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Jacques de Favanne

(1716–1770, Paris)

Morpheus. Etching, printed in reddish-brown ink. 13.2 x 15.4 cm. Unrecorded.

The engraver, Jacques de Favanne, employs a finely differentiated etching technique to portray the sleeping Morpheus, the Greek god of dreams. His muscular body rests on hazy clouds. His imposing wings hang limply, giving the impression that their owner is in a deep sleep. The soft tonal effects achieved by the warm, reddish-brown printing ink envelop the figure of the slumbering god in a delicate sfumato. Jacques de Favanne first trained as an engraver but then turned to painting and was apprenticed to his father, the respected painter, Henri Antoine de Favanne (1668–1752, Paris). In 1753 he was active as “chef des peintres pour la marine” in Rochefort. Portalis describes nine works in Jacques’ hand, mostly reproductive engravings after Watteau, Lemoyne and Lancret.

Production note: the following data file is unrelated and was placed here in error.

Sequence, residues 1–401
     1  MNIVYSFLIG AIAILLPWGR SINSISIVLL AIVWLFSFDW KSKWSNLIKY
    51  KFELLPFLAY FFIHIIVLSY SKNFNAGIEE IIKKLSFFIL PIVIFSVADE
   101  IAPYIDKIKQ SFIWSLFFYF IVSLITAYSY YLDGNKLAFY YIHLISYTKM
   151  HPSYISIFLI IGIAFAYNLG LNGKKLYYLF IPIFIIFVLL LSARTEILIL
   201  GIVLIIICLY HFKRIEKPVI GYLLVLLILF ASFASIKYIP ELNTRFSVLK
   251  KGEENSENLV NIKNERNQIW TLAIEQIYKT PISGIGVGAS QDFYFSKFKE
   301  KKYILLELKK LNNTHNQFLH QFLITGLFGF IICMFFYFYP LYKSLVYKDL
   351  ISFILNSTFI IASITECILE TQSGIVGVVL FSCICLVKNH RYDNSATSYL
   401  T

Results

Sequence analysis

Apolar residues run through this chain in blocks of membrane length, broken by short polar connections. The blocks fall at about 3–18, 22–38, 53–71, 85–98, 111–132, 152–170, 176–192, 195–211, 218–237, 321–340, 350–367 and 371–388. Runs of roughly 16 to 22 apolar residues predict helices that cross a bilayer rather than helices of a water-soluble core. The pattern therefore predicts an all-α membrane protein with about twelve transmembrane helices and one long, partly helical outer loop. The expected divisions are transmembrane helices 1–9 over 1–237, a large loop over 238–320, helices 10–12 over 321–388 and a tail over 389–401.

The present sensitive etching is completely missing in the descriptive literature. The composition has its origins in a design by Favanne’s father. It may have been the young artist’s first attempt at etching. A superb, nuanced impression with margins. Minor ageing, otherwise in perfect condition.

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